An occupational therapist will visit your home to assess how you can be helped. If social services decide you do need help, most small home adaptations under £1,000 are provided free of charge – for example, grab rails, or ramps. (More substantial work – such as installing a downstairs bathroom, installing a wet room or even building an extension – can be funded by a means-tested disabled facilities grant.)

How to pay for accessible home improvements

Government funding and grants

There is financial assistance available from local authorities depending on where you live, that can help with the cost. Your local authority in England will normally provide you with disability equipment and small adaptations costing less than £1,000 free of charge, as long as you’ve been assessed as needing it and you are eligible.

You may have to pay towards disability equipment and minor adaptations if you live in Wales, but the amount you’re asked to pay must be reasonable and based on your financial circumstances.

If you live in Scotland, your local council will usually provide you with essential equipment or adaptations costing less than £1,500, free of charge.

Equipment from the council will usually depend on an assessment from an occupational therapist, physiotherapist or district nurse.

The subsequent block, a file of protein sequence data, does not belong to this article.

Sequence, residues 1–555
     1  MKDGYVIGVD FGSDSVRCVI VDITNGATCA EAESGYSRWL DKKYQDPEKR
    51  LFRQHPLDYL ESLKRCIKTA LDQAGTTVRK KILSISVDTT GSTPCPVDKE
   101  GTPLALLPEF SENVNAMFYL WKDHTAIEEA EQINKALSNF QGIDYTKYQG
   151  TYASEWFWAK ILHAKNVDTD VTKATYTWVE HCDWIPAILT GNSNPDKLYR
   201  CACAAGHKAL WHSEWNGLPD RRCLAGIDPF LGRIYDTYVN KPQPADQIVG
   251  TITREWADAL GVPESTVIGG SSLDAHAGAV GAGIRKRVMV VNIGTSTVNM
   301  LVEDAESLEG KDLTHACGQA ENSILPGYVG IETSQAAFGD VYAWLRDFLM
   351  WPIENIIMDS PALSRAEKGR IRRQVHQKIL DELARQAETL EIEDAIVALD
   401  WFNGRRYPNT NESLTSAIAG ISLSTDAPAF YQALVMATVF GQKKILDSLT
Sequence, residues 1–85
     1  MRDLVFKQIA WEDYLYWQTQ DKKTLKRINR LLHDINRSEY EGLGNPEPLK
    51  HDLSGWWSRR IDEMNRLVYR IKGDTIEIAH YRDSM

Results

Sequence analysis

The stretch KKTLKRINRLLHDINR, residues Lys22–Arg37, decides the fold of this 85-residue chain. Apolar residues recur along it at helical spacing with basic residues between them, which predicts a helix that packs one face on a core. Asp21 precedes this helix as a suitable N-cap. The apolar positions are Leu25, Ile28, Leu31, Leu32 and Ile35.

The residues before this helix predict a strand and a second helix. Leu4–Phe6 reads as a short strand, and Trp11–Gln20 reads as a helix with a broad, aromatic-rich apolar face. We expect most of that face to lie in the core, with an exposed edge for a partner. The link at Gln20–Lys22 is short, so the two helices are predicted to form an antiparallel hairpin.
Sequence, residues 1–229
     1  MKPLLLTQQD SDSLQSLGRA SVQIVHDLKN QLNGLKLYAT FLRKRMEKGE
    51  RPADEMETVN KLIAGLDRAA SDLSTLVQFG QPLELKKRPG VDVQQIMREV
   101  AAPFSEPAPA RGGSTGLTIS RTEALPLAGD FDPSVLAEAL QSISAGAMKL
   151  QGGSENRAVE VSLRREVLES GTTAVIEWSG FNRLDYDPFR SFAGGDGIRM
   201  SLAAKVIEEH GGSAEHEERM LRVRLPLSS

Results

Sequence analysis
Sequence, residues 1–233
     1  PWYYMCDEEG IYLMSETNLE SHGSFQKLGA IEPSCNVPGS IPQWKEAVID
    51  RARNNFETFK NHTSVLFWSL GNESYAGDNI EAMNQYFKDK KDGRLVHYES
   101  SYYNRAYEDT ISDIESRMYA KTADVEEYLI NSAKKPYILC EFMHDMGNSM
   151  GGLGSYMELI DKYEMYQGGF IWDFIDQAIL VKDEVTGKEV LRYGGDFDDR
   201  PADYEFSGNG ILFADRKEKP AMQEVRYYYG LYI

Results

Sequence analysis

For major adaptations to make your home accessible, you will normally have to apply for a Disabled Facilities Grant, paid by your local authority up to a maximum of £30,000 in England, £25,000 in Northern Ireland and £36,000 in Wales.

Equity release

Older people who are cash poor often use the value of their homes to help pay for home improvements.

Equity release is a popular way to fund spending in retirement when income and savings are limited. Rising house prices also mean that homeowners have a growing pool of equity at their disposal and can still keep a large proportion of the value of their house intact.

More people are turning to equity release as a way to raise cash in retirement, according to figures from the Equity Release Council. The total value of equity release lending reached £3.89 billion in 2020.

Of course, equity release is not right for everyone. There are charges to consider, that eat into your equity, and other options to explore. Don’t forget to consider what your local authority might offer for essential home adaptations as outlined above.

Read our guide to equity release

Is Equity Release right for you? Find out more here

Try 12 issues of Saga Magazine

Subscribe today for just £29 for 12 issues...


The opinions expressed are those of the author and are not held by Saga unless specifically stated. The material is for general information only and does not constitute investment, tax, legal, medical or other form of advice. You should not rely on this information to make (or refrain from making) any decisions. Always obtain independent, professional advice for your own particular situation.